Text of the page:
If you’ve ever looked at the fault and error codes in the user manuals of your control systems and equipment, your eyes have glazed over. Sure, they’re powerful features, but you need timely information and context associated with issues to respond to events in near real-time, and that’s not always possible.
If you leverage real-time alarm, fault and error code notifications from your systems, you know how powerful they are, but many organizations in the CPG sector don’t have the IT infrastructure to support such processing of data or the equipment to provide it. And, even in cases where the infrastructure does exist and notifications are streaming in, context is missing to help you get to the root causes of issues.
Don’t underestimate the power of context, like many software providers have over the last twenty years in this sector. Typically, your operators or supervisors are forced to walk to a personal computer to enter information on downtime or other operational events, an approach that doesn’t suit their workflow. The screens they interact with were designed as an afterthought, simply streaming data in with text boxes for data entry. Very little appreciation has been given to user experience affecting adoptability of the systems, and dramatically impacting the context you get from system users.
Here are a few experiments you can run to explore the power of a discrete, Context-First system.
Ignore Your Existing Fault Codes Altogether
This doesn’t exactly reflect the title of this blog post and it isn’t going to work for every CPG, but it has for a variety of the ones we’ve worked with. Test our hypothesis, that you can deploy a discrete, semi-automated system that is web enabled and wirelessly connected, to collect critical information on context and events that create issues in your factory. The goal here is to collect more powerful diagnostic data than you can by aggregating fault codes, allowing you to get to the root of your problems effectively and rapidly, without having to leverage your existing cumbersome systems. Remember, this is a moment-in-time experiment, to prove the power of the context so that you can make changes to your existing systems and internal processes.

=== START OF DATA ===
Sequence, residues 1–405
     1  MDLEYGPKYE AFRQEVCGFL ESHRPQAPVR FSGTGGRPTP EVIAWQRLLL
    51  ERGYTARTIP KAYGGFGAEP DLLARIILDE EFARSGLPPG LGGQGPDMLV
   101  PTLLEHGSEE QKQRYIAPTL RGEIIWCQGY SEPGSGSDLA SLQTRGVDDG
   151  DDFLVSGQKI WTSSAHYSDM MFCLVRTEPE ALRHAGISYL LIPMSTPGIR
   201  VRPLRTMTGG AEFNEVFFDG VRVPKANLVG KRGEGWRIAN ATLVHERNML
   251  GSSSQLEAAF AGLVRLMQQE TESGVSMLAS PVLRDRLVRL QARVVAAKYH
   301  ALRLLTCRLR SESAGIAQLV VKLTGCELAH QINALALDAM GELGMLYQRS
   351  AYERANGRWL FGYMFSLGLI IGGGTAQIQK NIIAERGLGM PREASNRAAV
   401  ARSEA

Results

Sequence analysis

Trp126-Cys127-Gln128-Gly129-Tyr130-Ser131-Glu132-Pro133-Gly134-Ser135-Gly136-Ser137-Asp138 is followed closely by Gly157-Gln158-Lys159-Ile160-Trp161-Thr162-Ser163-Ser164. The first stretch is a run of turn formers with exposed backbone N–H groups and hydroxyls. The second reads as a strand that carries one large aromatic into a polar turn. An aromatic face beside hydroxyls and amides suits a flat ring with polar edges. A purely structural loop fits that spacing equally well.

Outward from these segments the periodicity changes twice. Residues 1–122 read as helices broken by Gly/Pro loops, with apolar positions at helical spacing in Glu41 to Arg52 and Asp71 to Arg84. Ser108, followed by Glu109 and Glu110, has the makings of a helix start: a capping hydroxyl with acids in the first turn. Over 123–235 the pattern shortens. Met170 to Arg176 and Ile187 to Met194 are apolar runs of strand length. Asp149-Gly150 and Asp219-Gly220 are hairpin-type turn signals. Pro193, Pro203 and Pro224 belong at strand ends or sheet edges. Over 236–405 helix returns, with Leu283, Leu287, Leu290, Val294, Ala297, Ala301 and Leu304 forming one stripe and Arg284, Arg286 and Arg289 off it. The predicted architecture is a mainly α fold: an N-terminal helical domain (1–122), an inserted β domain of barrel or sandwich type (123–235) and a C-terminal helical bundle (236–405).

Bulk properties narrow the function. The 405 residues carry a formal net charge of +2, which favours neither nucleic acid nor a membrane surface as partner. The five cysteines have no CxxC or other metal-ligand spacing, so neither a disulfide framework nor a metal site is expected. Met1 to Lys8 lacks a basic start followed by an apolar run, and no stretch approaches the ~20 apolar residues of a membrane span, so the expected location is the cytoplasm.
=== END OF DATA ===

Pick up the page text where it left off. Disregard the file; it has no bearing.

Put in a Context-First System and After it Works, Integrate (Not Before)
It’s natural to rush to connect all of your disparate systems, but don’t rush this time. Test our hypothesis, that you can implement a system to retrieve better context on events that lead to factory issues, and that this data will be so powerful that you’d rather move forward with a “Context-First” system. After that, you’ll look to integrate with that system at a later date if possible, streaming machine data into the contextual system and not the other way around.
Pick a Context-First Project and Calculate the Financial Impact of It
This one is simple. Pick a project to address an issue that you know is costing you money (think downtime or rework), given a lack of context. Deploy a discrete system to help you collect data, and review the data at the end of the project relative to the project goals. Now calculate the financial impact of what you’ve learned. Test our hypothesis that putting context ahead of a system driving only machine data, isn’t always a “garbage-in” and “garbage-out” scenario.
To learn more about how customers are using our Context-First system SITEFLO, contact us at firstname.lastname@example.org.